Even though I doubted I would be able to stick to this, I managed to post my #100happydays posts on Facebook and reached the end of the project.
If you read my blog at the start of the 100 happy days you’ll know why I decided to try it – essentially to make me focus each day on something positive, because this year has been less than enjoyable for the most part.
Before I started the happy days I knew it would be challenging to find something different each day that made me happy, if just for a short moment, and to be able to portray it in a way that others could understand. After all, if I see a pair of red, shiny shoes it makes me happy, putting me in mind of The Wizard of Oz, which I love, but not everyone would know that and might wonder why a pair of shiny, red shoes made me happy.
What I didn’t appreciate was how much the requirement for a photograph to accompany/illustrate the happy moment was actually going to be a hindrance.
To fulfil the challenge completely you’d need to have a video camera to hand, switched on, and ready to record at any given moment of the day, because trust me, these ‘happy’ moments can occur at any time, and can be made up of anything – a sight, a smell, a memory, a movement, something someone says, or does, a taste, a sound, a combination of any or all of these, or more; any sensory moment could, in fact, be the day’s happy moment. And how do you capture that in a photograph?
The short answer is that a lot of the time, you can’t. So the happy moment posted that day wasn’t in fact the happiest moment, but the closest second-best you could think of before midnight to fill the space.
Throughout the challenge I repeatedly felt like I was undergoing inherent failure to complete it due to the very nature of the challenge – what was a happy moment for me, in that moment, was often totally unintelligible as such to someone else, or was utterly impossible to photograph and communicate. I was also very aware that I was dumping a daily dose of random ‘happiness’ onto my feed and forcing my peers to endure 100 days of this assault. I was getting bored of it by the end, so I dread to think how they felt and am grateful to them for putting up with it.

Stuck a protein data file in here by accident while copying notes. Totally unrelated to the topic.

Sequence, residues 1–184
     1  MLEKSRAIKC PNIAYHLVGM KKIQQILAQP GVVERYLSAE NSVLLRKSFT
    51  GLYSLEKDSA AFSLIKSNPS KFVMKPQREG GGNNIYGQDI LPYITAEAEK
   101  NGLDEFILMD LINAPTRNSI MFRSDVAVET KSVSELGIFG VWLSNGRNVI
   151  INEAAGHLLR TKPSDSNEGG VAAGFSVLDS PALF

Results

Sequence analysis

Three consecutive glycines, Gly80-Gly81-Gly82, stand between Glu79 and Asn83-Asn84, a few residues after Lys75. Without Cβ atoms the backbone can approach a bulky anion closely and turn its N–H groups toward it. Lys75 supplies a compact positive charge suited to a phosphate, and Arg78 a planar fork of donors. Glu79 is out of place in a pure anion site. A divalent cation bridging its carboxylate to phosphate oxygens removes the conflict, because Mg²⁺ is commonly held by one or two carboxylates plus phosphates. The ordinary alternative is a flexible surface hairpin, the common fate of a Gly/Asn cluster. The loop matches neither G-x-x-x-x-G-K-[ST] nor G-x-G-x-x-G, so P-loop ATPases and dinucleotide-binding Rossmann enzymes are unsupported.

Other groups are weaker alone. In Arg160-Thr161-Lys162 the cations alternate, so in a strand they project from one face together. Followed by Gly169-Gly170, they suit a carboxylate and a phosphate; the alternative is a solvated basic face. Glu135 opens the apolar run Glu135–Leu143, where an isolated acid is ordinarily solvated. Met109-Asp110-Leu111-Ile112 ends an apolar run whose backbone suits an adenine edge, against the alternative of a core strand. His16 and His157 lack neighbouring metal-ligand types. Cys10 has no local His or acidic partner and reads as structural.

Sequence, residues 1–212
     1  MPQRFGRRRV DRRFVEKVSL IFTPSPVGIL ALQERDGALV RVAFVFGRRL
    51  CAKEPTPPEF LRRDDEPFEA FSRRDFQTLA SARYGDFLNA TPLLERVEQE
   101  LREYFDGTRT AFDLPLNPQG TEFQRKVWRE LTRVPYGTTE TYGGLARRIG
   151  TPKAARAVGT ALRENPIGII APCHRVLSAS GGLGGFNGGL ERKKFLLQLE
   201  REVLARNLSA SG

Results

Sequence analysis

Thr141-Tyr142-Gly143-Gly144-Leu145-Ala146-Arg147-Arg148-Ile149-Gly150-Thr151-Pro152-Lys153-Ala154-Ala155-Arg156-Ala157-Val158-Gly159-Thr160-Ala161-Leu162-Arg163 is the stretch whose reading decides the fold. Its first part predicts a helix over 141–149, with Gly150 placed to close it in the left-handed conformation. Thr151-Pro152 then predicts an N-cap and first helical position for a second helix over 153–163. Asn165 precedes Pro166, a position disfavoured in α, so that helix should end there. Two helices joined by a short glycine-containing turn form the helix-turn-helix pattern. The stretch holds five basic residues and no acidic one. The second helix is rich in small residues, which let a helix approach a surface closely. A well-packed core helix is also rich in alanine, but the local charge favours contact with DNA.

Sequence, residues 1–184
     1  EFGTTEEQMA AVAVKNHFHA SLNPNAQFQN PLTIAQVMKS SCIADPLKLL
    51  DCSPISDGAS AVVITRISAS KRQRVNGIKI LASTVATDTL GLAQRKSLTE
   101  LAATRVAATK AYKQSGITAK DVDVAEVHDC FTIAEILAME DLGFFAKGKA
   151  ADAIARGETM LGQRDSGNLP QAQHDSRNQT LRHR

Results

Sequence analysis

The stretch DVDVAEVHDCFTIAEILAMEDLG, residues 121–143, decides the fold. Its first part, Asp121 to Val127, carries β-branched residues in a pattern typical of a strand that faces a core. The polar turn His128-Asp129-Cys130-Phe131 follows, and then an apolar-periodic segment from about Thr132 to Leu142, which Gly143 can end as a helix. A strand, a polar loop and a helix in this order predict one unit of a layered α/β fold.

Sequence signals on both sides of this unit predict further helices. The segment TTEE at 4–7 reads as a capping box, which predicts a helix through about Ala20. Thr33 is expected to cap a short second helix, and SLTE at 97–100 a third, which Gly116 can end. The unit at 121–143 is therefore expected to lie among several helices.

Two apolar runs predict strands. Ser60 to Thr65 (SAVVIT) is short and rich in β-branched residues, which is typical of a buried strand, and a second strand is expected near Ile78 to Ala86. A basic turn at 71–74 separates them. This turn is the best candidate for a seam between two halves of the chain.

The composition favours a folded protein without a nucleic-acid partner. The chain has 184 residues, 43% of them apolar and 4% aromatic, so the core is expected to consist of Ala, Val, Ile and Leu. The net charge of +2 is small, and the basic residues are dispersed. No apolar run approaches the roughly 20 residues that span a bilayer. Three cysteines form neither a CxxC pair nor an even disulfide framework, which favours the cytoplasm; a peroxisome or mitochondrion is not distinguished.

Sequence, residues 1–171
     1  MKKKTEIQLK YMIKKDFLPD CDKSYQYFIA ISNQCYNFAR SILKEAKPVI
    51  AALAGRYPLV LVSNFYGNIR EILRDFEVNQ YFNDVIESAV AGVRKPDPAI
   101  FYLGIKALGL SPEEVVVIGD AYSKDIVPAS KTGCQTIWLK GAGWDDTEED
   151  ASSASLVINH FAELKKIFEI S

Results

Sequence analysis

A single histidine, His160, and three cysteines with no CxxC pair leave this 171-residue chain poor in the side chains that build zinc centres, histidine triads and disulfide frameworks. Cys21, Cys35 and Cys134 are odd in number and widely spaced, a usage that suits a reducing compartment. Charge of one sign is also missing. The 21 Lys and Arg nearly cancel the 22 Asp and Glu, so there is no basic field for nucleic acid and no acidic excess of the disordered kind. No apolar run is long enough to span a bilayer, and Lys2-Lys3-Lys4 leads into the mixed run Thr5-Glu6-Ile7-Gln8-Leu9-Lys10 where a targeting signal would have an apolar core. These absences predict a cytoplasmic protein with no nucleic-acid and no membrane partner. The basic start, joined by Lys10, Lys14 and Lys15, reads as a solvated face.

This is not to say that nothing good came out of the 100 happy days. Each day I did – for the time it took to find something happy and remember to photograph it, write the post, and upload it – focus on something positive, which was the whole reason I decided to try this in the first place. So despite feeling every day like I was failing, I did what I set out to. I spent 100 days with something enjoyable in each, even if it was as simple as having a nice cup of tea next to me while I worked, or taking a stroll somewhere outdoors in the fresh air after hearing some sad news.
So whilst I am relieved to have reached the end of the 100 days and can now shift my concentration and focus back to where it should be – on the rest of my social media and, of course, my writing – I did take something good away from it each day, and I learned something too: you have to make the most of those happy fragments of life, because it is those that help to make the rest of it bearable.